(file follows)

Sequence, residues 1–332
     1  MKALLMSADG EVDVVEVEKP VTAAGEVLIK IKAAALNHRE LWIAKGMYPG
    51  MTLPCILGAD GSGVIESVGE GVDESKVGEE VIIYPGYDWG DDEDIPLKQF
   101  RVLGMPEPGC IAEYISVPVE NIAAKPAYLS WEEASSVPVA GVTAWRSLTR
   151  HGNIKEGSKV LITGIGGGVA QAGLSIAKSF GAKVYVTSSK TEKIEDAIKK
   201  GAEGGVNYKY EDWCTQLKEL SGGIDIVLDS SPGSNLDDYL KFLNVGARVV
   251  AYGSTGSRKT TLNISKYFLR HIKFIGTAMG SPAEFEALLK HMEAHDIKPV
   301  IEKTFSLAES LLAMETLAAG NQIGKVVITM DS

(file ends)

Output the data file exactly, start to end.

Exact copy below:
Sequence, residues 1–332
     1  MKALLMSADG EVDVVEVEKP VTAAGEVLIK IKAAALNHRE LWIAKGMYPG
    51  MTLPCILGAD GSGVIESVGE GVDESKVGEE VIIYPGYDWG DDEDIPLKQF
   101  RVLGMPEPGC IAEYISVPVE NIAAKPAYLS WEEASSVPVA GVTAWRSLTR
   151  HGNIKEGSKV LITGIGGGVA QAGLSIAKSF GAKVYVTSSK TEKIEDAIKK
   201  GAEGGVNYKY EDWCTQLKEL SGGIDIVLDS SPGSNLDDYL KFLNVGARVV
   251  AYGSTGSRKT TLNISKYFLR HIKFIGTAMG SPAEFEALLK HMEAHDIKPV
   301  IEKTFSLAES LLAMETLAAG NQIGKVVITM DS